In looking at the subscription databases offered by these four library systems, I want to inquire after the same three points that I looked at in my review of their OPACs. My goal is to determine what paths users can take to access the databases: is there one central place where they are listed, or are there many pages and places directing users to the same databases. Beyond this, I’m particularly interested to find out what types of descriptions are given of the various databases and their use, as well as how they are presented for children and teachers. In order to pursue these issues, I will be asking these three questions:
- What pathways are available for accessing the databases?
- What type of assistance is available to explain or guide the use of the databases?
- What explanations/tools are available to determine which database to use, particularly for those looking for materials for Children?
As with the OPACs, some library webpages are simpler then others, and the Salt Lake County Library system has a site that is stuffed full of features and links. This provides many ways to access the information, but also means that there are more ways for users to get lost. Focusing on not only what databases are available, but how easy it is to find them will help me to understand what the user experience is like.
Pathways for Accessing Databases:
From the website of the Salt Lake County Library System, there are many ways to access the various databases that the system and the Pioneer state library system offer for users. On the front page alone there is a quick search feature, links to featured resources, and a side panel made up of databases and services related to books and movies. There are also at least three links to additional pages with lists of databases.
Main Database Page:
Whether it is one of the links on the main page of the website, the link from the top bar of the page frame, or from the tool bar inside the OPAC, the user looking for databases is directed to a central page. This page called “Database Research by Topic” actually offers various ways to interact with the resources. First is a Quick Search interface, like the one on the front page of the library website. After that there is a list of pages each with databases on a specific topic—one of 17 areas, and under that is a link to an alphabetical list of databases. At the bottom of the page there are direct links to specific vendor’s interfaces, so users can search all EBSCO databases or all Thomson-Gale databases all together.
In addition to these access points, links to databases are also present from within lists of recommended websites. Kids and Teens Homework Help Pages contain lists of resources, both internet and subscription databases. The databases are lumped in with all of the other pages, with a caveat that users will need to have their Salt Lake County Library card number to access them from home. In addition, the library has pages aimed at adults wherein subscription databases mingle with websites.
Beyond the various pages with links to the subscription databases, perhaps the most interesting way to access the databases is through the Quick Search. This search tool allows users to simultaneously look in more then one database, as well as the catalog, and the webpage. It also allows searches in specific topic areas, such as Biographies, Science, Arts, and others. In order to use the search users need to have a Salt Lake County library card number, they are then directed to a page listing results for search term from each individual database. These results can be grouped in lot of different ways, by relevance, by database, and by traditional sorting features of author and title.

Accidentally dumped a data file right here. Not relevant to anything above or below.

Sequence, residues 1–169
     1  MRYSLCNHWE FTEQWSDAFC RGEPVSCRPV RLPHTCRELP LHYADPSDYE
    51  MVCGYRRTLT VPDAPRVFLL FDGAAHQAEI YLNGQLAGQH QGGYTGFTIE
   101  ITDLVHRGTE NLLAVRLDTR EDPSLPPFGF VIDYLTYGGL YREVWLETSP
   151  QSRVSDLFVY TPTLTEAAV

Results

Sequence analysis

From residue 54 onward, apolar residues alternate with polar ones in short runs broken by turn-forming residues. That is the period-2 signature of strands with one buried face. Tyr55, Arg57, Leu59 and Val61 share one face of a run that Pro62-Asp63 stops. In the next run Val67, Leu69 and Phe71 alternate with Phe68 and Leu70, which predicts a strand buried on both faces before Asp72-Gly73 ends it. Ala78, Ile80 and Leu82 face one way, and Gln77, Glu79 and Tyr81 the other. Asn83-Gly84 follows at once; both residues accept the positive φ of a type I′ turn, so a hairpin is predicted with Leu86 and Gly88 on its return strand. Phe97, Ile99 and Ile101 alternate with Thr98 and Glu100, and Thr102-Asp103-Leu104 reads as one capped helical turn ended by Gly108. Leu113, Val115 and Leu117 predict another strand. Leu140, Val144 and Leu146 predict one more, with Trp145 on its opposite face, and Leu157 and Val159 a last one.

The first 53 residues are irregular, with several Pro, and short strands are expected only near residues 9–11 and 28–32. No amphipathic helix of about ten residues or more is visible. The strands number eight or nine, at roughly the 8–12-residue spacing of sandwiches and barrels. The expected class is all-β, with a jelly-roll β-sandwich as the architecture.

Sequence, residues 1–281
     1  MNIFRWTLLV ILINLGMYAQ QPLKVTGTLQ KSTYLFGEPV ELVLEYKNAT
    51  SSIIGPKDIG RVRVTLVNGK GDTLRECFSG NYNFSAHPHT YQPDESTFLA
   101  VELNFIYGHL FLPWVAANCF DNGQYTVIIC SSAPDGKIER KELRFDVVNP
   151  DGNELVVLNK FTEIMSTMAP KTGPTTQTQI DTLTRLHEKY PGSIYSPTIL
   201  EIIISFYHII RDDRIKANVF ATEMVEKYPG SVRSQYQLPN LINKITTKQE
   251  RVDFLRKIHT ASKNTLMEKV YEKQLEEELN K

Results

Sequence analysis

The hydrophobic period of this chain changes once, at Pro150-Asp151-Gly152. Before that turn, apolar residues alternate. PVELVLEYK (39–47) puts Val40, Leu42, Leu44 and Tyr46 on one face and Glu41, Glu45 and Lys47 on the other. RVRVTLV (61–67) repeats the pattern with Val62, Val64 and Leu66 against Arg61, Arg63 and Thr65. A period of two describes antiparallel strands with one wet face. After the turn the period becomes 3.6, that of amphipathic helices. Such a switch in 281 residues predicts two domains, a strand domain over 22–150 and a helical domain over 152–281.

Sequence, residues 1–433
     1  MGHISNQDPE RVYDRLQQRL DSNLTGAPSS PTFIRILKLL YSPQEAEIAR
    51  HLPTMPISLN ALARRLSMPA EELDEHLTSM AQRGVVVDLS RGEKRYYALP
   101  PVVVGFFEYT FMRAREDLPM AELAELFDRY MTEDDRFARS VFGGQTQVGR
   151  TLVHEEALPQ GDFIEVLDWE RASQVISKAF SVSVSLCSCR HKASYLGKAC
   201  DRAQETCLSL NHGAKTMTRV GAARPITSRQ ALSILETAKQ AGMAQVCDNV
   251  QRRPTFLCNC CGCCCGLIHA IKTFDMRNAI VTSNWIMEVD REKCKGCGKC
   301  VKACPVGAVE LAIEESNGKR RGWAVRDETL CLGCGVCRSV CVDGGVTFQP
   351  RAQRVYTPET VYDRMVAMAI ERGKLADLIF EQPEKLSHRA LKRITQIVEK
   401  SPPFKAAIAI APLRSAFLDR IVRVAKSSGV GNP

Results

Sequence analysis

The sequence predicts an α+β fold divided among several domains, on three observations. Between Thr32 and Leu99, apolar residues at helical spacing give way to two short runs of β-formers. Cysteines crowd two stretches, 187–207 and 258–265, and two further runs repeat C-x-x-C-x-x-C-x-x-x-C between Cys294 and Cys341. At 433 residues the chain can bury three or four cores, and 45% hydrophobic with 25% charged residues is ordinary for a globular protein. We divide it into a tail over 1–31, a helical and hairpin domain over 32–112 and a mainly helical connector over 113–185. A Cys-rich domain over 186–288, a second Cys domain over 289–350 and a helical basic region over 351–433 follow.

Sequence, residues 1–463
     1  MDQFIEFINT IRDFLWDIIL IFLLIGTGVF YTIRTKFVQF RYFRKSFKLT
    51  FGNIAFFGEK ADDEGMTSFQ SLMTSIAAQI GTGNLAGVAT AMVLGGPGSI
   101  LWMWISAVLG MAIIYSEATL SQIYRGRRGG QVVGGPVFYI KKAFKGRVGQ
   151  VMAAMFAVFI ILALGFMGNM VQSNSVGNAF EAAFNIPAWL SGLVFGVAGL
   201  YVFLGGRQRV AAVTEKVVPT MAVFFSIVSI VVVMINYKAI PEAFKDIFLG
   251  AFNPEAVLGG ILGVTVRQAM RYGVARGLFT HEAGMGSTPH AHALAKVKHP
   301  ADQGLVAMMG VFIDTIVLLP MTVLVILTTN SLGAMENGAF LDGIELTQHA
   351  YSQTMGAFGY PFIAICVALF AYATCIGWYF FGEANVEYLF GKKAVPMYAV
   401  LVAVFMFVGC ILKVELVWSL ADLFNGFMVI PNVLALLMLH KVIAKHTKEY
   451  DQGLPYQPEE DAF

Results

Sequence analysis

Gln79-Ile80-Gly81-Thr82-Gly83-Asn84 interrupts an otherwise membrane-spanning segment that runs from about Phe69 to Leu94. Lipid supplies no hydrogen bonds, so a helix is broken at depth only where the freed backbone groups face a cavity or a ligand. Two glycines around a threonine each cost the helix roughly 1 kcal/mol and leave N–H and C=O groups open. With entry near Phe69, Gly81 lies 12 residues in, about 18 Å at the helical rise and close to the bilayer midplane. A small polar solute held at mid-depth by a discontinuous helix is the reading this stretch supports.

Assistance in Using the Databases:
The Salt Lake County Library does offer some guidance to assist their patrons in using their databases. In particular, the library offers an explanation of what databases are and why users would want to use them over just searching the internet. For children and parents they offer a good description of why databases are good choices for homework assignments, and even have a letter that students can give to their teachers
Beyond these short explanations, users can find tutorials within most of the databases to guide them in finding answers, though the library does not make any mention of these tools. They also do not have general database use assistance, such as explanations of Boolean logic.
Database Choice—Descriptions and Age Appropriateness:
One of the most difficult factors for libraries and library users is selecting where to look for the answers to any information need, something that is exacerbated by the internet that offers millions of different possibilities. Librarians overcome this information overload by becoming familiar with a wide range of resources so that they can direct people to the ones that might closely match their needs and developmental level (such as a consumer health database as opposed to Medline). On library webpages, it is necessary to provide some of this type of guidance so that users know what they are likely to find in a database—especially when sites require users to log in with a library card number in order to use each and every database.